We are now back where we began north of Navarro Street, which concludes our walk for today.  I'll continue walking and posting more this spring.

I've had some questions from readers about distances and public transportation for visitors to the city.  This segment was about one-half mile/800 meters one way and the previous post from Brooklyn Avenue to Navarro Street covered about the same distance.  I walked these two on the same day and divided the posts to make them easier to read.  Taken together they give a good view of the transition from the new to the old segments of the River Walk north of downtown.

Navarro Street is about one mile/1600 meters from the Alamo so visitors staying downtown would need to plan at least a two-mile round trip.  In addition to the Rio Taxi, the VIA bus system has a downtown bus called the VIA Streetcar which will bring you out to this area of the River Walk.  There's also public transportation available for many of the popular attractions outside of downtown.  Information and day passes are available online and at information kiosks throughout the tourist areas.

I am enjoying this project immensely and look forward to exploring the areas that are new to me south of town.


  1. Another good tour.
    I didn't realize the River Walk went all the way to the missions.

    Thanks again for taking us along with you.

    1. The Mission Reach extension opened about two years ago and they added about two miles this year.

  2. I am really enjoying this series, thank you for taking the time to do it right. I've only explored a small chunk of the river walk and it's great fun to see the rest.

    1. Thank you DG, it's so nice to hear that this is fun for my readers as well. Your experience is typical and there is a lot to see and do in a small space which is why I set out to show the rest of the river.

  3. And to think people are happy to float the Rio Grande here! While I appreciate accurate and studied restorations of natural river corridors through a place, I also like well-designed, urban rivers like you are showing. Impressive tile work, not to mention all the Cortes fois du bois...saw one park with similar work by him when I was last in SA. All having me wonder what Austin will do to or with Waller Creek...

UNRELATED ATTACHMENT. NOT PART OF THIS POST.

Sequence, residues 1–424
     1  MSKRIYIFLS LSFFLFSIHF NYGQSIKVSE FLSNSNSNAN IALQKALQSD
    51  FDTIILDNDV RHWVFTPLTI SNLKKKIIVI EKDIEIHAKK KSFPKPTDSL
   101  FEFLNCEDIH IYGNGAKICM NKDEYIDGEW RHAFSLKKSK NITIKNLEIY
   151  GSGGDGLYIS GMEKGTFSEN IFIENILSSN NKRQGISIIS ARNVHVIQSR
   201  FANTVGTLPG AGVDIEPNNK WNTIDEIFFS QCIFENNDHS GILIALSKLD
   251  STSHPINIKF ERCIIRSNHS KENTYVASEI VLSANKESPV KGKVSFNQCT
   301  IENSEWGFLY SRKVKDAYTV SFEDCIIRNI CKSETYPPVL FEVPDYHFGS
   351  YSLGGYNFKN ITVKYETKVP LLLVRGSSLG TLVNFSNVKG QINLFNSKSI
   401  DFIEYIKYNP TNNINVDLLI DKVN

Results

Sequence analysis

1. The "before" was more urban dumping ground than natural river for a very long time prior this treatment so it is the best answer for this segment.

      As we head south we'll see the concrete and stone channel give way to natural banks and restoration of the natural landscape. No tour boats and the trail will move away from the river a bit too. They are still working on replacing invasives and random weedy bits with the appropriate native plants. It should get better each year.

  4. Is your city aware of the great travelogue you are producing. I can't help but think it will lure a new crop of vacationers.
    Oh, and thanks for the linky love.

    1. You're welcome Ricki, it was a good point and many cities around the world have sent delegations here to look at how we did this.

      There are plenty of professionals providing plenty of travel photos and videos for the visitor's bureau.

  5. I'm also enjoying this series. Sounds like a tourist could spend an entire day exploring the River Walk!

    1. There's enough in some areas to spend a day on just a small portion. It would take at least a day, maybe more to cover all 15 miles well.

  6. What a truly picturesque place. Beautiful tour and photos.

    1. Wow Donna, thank you. I enjoy seeing your photos of all the picturesque places you visit too.

  7. Love it ALL Shirley...but my fav is the arch is a framer. Great photos :)

    1. That's so nice Heather. Suitable for framing is a great compliment, of course our beautiful city makes it easy to find good views.

  8. Shirley, because my visits to San Antonio always were for work, I never saw the river and the walk the way you show them. Stunningly beautiful. How much I missed. Thank you.

  9. Wow!!! I am in love with the river walk! I have never been, but I actually dream of going there. It looks absolutely divine. And some nice palms too :)

  10. I haven't been back to SA since my cousin's wedding with a dinner boat ride on the river, back in the 60's. It's wonderful what they have done to beautify the river, and keep it in character with the history of the city, and native plants. I'm really impressed. Thanks for the tour!